Payments, Podcasts

WePay’s Jennifer Parker: ‘We’re seeing inspiring early pivots with software firms and marketplaces’

  • WePay provides payment APIs to ISVs and marketplaces.
  • CRO Jennifer Parker joins us on the podcast to discuss initiatives she's leading during the crisis.
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WePay’s Jennifer Parker: ‘We’re seeing inspiring early pivots with software firms and marketplaces’

WePay provides payment solutions for platforms like marketplaces and software firms. The Chase-owned company provides payment APIs to firms like Eventzilla, Meetup and TouchBistro.

Chief revenue officer Jennifer Parker joins us on the podcast to give us an update on the business and to discuss how platforms and their merchants are coping during the current crisis. We hear about how WePay has supported its ecosystem with products and services throughout this tumultuous time. Jennifer also shares with us her biggest priorities heading into the second half of 2020.

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The following excerpts were edited for clarity.

Career path

I am the Chief Revenue Officer for WePay, a Chase company. A little bit about me, Zack: I am a Midwest girl, moved south to Houston, and stayed far longer than I thought I would. I then relocated to the Bay Area about two years ago.I’ve been with JPMorgan for approximately 10 years now and joined the WePay team post-acquisition in late 2018.

So as the CRO, I am responsible for anything that touches our prospecting clients. So for us, that’s marketing, sales, relationship management, that’s our technical integrations and most importantly, our partner success, as well as aligning the firm backto the broader JPMorgan.

WePay value proposition

WePay was acquired by JPMorgan in late 2017. And WePay offers integrated payment solutions to software platforms and ISVs in areas such as restaurant retail point of sale, professional services, and field management services.

And over the past couple of years, we’ve really spent quite an investment in our card-present technology to accommodate some of our multi-channel shopping in payments as well as address merchants’ needs to accept payments on the move. It’s super important now as more and more merchants need to be on the move. But as you think about it, if you are a small restaurant that’s moved to catering services, let’s say, and you now need to be able to accept mobile payments, you can do that. If you also a hairstylist that is no longer able to operate in your salon and you want to take payment while doing hair or other salon services on the go, you can do so.

Business during the pandemic

It’s tough right now with the pandemic. It’s super unfortunate — my heart breaks as we are talking to merchants and platforms every day where you’ve got these business owners that have completely poured their entire life savings and passion into these businesses that may or may not make it post-this.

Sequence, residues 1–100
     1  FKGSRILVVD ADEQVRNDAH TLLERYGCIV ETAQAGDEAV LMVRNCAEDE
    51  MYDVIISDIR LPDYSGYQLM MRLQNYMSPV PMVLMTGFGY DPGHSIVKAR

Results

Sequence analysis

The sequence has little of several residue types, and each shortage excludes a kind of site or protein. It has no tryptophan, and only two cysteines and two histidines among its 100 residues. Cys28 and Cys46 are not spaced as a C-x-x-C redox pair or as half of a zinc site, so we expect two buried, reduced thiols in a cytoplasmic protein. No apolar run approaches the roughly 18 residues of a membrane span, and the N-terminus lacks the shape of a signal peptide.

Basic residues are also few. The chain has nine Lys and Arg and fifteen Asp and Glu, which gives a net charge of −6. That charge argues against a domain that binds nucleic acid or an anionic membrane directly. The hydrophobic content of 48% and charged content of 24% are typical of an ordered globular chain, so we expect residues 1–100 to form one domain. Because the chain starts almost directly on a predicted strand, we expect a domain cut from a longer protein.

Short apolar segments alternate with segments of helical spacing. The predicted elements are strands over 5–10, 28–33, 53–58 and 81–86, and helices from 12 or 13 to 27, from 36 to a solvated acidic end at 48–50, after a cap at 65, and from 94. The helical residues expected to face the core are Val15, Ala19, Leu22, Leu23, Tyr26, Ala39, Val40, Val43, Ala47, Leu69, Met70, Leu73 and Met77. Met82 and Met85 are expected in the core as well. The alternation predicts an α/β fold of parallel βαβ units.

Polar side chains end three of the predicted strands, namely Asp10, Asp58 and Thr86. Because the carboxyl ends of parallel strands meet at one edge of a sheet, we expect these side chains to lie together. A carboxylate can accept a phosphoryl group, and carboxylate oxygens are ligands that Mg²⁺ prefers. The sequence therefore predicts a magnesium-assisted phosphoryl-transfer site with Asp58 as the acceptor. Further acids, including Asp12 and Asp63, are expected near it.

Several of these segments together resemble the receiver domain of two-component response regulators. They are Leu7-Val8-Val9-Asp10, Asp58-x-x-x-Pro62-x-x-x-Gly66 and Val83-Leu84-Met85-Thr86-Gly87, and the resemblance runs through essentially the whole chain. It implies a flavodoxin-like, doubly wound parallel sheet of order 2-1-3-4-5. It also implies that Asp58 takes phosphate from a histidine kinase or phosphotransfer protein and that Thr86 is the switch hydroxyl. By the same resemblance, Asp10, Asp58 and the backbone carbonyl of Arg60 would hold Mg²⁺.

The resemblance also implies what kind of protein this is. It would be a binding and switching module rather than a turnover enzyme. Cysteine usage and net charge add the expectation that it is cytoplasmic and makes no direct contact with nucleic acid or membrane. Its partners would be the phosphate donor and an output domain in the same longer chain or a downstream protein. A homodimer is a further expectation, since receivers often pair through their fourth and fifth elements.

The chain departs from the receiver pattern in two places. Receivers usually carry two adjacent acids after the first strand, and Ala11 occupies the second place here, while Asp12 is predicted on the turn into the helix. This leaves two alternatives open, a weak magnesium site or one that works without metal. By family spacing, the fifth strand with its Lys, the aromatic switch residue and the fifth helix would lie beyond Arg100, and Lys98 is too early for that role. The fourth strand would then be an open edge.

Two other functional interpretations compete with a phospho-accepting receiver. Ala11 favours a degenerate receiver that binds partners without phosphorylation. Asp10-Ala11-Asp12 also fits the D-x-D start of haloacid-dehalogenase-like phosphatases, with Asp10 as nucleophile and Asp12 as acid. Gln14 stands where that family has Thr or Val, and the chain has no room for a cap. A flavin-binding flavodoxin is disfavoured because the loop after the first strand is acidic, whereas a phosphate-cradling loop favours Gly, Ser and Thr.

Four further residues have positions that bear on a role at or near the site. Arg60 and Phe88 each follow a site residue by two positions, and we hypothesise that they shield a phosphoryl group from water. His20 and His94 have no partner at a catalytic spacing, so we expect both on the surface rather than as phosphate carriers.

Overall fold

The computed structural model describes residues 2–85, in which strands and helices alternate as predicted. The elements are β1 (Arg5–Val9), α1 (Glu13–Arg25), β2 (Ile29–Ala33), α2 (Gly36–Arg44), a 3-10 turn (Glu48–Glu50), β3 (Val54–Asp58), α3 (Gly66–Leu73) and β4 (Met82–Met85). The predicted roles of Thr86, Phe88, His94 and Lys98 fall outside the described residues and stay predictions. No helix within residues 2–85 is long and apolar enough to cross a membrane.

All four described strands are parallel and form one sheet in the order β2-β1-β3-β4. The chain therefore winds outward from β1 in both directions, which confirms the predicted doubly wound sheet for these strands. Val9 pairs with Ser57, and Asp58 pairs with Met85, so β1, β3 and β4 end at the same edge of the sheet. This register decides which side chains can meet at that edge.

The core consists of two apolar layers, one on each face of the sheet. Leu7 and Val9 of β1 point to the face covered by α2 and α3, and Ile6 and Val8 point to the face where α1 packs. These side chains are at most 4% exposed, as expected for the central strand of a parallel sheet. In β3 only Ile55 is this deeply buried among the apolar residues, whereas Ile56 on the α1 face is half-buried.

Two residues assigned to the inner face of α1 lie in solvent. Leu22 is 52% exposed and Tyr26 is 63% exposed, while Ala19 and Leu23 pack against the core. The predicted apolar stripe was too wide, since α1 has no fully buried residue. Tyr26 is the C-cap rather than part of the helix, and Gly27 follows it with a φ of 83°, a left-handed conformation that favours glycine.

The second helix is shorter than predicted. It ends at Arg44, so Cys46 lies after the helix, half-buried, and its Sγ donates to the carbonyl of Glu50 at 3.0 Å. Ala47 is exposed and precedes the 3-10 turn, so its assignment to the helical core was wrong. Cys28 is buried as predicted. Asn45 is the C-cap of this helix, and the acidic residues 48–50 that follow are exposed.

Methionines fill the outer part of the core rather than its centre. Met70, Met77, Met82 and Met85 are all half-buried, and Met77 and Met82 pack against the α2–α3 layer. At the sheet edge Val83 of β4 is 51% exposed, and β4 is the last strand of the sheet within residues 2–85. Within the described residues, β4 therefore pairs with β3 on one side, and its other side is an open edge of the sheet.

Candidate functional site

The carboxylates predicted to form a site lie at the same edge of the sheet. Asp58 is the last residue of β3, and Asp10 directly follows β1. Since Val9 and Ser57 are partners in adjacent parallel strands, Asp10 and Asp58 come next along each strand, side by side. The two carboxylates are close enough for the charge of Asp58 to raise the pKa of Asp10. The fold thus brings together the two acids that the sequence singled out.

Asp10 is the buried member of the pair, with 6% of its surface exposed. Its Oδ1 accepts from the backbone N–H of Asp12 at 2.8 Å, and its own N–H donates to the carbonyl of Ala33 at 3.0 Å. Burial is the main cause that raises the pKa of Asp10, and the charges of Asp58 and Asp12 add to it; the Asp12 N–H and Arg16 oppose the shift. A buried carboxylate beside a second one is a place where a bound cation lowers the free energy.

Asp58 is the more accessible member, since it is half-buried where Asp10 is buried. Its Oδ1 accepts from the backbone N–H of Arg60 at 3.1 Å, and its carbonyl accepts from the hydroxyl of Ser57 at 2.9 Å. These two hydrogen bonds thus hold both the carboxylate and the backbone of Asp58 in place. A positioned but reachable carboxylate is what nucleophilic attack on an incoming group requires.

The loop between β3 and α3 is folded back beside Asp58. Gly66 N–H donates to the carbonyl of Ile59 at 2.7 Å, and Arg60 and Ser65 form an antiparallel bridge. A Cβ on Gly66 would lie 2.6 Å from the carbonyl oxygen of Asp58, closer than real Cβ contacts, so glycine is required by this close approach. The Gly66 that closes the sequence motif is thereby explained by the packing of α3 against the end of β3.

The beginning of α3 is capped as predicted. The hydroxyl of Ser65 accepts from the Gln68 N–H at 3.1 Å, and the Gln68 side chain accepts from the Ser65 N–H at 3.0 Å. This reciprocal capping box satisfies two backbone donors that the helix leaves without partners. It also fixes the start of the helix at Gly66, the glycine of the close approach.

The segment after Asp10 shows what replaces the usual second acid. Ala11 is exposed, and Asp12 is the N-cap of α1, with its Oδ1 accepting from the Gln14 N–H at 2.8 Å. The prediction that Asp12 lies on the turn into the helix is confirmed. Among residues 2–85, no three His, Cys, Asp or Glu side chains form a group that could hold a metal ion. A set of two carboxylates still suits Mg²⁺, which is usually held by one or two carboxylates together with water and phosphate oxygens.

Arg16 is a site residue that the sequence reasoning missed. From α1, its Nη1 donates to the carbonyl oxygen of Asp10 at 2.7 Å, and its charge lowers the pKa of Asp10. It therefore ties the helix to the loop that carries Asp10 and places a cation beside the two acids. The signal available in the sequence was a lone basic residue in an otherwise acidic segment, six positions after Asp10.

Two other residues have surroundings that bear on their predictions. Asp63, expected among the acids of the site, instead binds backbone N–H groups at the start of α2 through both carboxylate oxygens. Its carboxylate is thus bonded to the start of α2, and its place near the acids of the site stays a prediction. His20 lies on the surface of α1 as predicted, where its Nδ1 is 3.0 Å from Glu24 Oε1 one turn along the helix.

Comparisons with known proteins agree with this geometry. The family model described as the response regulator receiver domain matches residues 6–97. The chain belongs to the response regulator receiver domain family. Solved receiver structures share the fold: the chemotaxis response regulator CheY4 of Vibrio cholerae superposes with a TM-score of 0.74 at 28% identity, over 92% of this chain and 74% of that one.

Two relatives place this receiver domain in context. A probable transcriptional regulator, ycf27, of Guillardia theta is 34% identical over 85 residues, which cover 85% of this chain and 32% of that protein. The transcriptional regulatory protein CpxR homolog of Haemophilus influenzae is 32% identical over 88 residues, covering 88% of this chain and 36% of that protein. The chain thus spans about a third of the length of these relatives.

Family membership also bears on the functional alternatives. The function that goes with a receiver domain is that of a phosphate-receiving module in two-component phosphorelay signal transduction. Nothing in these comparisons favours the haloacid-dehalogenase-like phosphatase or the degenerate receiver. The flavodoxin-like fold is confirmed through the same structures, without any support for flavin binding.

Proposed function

And as a daughter of a dad, who was a small business owner the majority of my life, I saw him go through a crisis and saw the impact that had on his business. It is just really tough. But what we’re witnessing specifically with these ISVs, and these software platforms, we saw some early pivots, which was really kind of inspiring. We saw a restaurant point of sale solution within weeks launch a free online delivery service for their merchants, for their restaurants. We saw an events platform do an early pivot, where they quickly set up a whole new product offering around virtual events.

State of small business

And with their permission, we were able to share some of these best practices and learnings because as many know in the early days of this, everyone was just trying to figure out what the new norm was going to look like and what to do and how to survive. What’s interesting is that we launched the State of Small Business Payments Survey in February, so timing wasn’t great, just pre-COVID.

But what we found in these full results — which come out later this week — is that these small businesses or merchants that are served by these ISVs have less access to liquidity, in terms of their own capital, or third party financing. And so the number one thing that came out of that was the concern of the speed of payments and how critical that is. Almost 40% reported that they faced speed of payments as an issue in the last 12 months. And that’s pre COVID. We can only imagine today what that looks like.

We’ve always been focused on accelerating our deposit availability with our same day deposits for businesses that work with Chase plus WePay to get the funds the same day without fees. As we’ve heard from the platforms and the merchant how important their access to cash is right now you imagine a restaurant on a Friday or Saturday that does have sales, especially now, how it’s even more important that they have access to those funds immediately at no additional fees.